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Hundreds of thousands of Mousavi supporters gathered in Freedom Square to protest.

Hundreds of thousands of Mousavi supporters gathered in Freedom Square to protest. Source:

I had a completely different post in mind for this week’s Wellness Wednesday than what you are about to read. It has never been my intention in any shape, way, or form to talk about politics on this blog. My purpose for creating this blog was, and still is, to introduce Persian cuisine and culture to anyone who cares to read about it. However, today I feel the need to talk about something that has been heavily on my mind for the past few days. Forgive me for the long post, but there is a flood of emotions running through me.

Last week we flew to Seattle for our friend Winford’s graduation from University of Washington. I have known Winford for about twelve years. We met in an economics course while we were both pursuing our undergraduate degrees. I was there for his undergrad graduation and lucky me, I was able to be there for his graduate school graduation.

Friday night Winford had a party at his house and I was able to meet his new friends in Seattle. I enjoyed talking to every one of them, but one of the most memorable conversations was with one of his friends Jason.  I was rather surprised when he asked me if I was excited about the elections in Iran and how I felt about it. My first reaction to this question was: wow, he knows what is going on in Iran and he is not Iranian. Perhaps, I may have disappointed him when I truthfully told him that I had lost hope many moons ago about what would become of Iran. Nevertheless, I really enjoyed talking to him and learning that he has always had a fascination with Iran, follows the news about what is going on there, and that someday he would like to visit.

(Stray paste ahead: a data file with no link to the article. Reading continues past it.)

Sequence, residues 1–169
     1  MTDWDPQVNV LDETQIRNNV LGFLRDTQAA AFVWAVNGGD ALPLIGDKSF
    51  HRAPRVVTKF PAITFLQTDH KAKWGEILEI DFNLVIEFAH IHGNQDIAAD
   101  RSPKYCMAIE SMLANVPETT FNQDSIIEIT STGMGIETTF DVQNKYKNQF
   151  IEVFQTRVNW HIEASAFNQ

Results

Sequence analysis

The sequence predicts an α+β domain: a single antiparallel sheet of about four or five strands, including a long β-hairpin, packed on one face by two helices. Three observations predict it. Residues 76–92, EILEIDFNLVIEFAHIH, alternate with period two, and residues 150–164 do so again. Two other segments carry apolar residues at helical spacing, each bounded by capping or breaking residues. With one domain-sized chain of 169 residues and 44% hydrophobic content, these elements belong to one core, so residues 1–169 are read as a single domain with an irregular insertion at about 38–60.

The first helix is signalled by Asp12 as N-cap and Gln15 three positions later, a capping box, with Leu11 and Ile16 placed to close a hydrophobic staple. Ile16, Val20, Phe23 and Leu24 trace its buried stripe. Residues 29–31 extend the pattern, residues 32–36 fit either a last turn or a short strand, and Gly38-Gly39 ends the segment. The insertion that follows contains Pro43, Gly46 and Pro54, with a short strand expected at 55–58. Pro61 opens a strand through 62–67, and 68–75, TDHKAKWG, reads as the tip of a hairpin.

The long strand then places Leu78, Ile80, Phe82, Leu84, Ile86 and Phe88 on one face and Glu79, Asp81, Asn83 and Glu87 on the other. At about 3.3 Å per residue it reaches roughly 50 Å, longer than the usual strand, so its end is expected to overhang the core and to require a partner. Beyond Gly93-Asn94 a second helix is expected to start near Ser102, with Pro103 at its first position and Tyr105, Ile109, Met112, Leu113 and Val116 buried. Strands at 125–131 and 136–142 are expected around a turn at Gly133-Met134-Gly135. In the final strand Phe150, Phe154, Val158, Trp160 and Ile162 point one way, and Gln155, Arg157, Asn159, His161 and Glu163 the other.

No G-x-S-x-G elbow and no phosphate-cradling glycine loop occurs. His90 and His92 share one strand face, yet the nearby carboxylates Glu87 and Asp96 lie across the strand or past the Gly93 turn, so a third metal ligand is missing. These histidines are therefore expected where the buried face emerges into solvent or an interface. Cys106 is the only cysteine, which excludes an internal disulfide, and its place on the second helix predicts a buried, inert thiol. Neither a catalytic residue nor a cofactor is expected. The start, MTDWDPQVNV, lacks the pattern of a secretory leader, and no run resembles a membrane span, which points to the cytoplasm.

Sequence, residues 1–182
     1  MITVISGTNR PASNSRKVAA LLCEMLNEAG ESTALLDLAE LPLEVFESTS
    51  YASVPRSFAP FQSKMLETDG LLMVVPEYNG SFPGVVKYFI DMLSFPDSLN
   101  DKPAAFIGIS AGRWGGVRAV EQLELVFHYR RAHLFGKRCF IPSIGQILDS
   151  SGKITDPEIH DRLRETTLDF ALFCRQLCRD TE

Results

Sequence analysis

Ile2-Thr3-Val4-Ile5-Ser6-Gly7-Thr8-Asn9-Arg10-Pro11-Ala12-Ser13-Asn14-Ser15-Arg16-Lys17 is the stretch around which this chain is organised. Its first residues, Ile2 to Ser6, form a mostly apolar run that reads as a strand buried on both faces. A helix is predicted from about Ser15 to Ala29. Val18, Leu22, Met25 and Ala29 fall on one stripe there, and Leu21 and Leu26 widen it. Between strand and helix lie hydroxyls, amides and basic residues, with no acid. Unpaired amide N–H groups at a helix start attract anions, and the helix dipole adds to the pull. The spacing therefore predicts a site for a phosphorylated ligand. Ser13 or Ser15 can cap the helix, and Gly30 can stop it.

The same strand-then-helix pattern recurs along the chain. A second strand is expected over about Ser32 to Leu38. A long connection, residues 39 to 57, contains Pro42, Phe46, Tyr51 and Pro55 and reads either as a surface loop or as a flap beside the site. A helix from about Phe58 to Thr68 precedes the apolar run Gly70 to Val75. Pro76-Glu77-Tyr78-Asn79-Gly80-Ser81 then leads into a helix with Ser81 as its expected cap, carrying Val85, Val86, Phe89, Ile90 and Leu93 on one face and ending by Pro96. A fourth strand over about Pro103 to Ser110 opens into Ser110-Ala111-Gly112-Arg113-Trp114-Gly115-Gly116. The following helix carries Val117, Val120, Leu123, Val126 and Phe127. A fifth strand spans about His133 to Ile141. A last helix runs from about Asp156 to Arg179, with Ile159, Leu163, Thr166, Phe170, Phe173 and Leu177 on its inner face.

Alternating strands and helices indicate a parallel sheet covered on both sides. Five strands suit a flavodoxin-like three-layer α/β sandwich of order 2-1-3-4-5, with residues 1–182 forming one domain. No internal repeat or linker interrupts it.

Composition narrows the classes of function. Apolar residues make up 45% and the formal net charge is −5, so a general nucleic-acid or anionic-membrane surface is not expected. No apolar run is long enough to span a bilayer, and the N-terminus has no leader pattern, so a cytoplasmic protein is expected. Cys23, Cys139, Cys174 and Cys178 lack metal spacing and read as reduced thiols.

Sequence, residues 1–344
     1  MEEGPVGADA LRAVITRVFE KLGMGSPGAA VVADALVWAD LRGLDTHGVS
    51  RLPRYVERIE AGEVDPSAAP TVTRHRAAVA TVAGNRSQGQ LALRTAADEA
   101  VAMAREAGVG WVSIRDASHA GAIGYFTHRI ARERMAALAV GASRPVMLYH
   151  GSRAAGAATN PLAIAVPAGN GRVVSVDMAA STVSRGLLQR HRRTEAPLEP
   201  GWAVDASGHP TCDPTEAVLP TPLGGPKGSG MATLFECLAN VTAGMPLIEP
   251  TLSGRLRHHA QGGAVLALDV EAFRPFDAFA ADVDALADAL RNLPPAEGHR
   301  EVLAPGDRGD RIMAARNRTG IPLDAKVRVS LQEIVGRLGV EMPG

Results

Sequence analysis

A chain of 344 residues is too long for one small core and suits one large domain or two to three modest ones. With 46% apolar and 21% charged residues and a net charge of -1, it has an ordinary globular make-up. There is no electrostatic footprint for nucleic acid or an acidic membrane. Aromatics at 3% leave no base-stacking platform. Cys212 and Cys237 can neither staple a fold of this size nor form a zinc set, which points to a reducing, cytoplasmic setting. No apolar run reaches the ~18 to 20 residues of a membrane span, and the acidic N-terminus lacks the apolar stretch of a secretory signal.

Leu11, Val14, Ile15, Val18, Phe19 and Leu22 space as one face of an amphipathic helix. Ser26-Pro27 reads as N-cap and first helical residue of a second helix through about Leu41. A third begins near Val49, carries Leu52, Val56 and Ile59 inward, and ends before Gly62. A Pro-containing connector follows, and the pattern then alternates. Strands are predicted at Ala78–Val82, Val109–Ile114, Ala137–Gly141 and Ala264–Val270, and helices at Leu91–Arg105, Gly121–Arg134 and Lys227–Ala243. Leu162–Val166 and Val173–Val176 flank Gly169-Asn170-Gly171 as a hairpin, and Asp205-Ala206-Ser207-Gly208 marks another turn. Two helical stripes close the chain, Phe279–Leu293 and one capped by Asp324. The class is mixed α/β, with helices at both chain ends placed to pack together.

You see, that simple statement touches my heart in ways that I can’t describe, because it is very refreshing for me to meet people who look beyond politics and see Iranians as people. What I mean by that is the fact that we are always associated with the word “terrorist,” and people that don’t know better think that we are all a bunch of ignorant fundamentalists. Sadly, such people don’t ever take the time to reason that the views of a government are not necessarily the views of the people of that country.

I have lived the majority of my life outside of Iran and have been treated as someone from a third world country more times than I care to admit.  I find this to be a huge misconception about my people because there are many highly educated Iranians around the glob.  Additionally, in United States we are the one minority, or immigrants, who are highly educated and successful professionals. Additionally, being religious and following your religion does not in any shape, way or form make you a fundamentalist. What makes a person a fundamentalist, or a fanatic, is when they use religion as an excuse to hurt or kill others.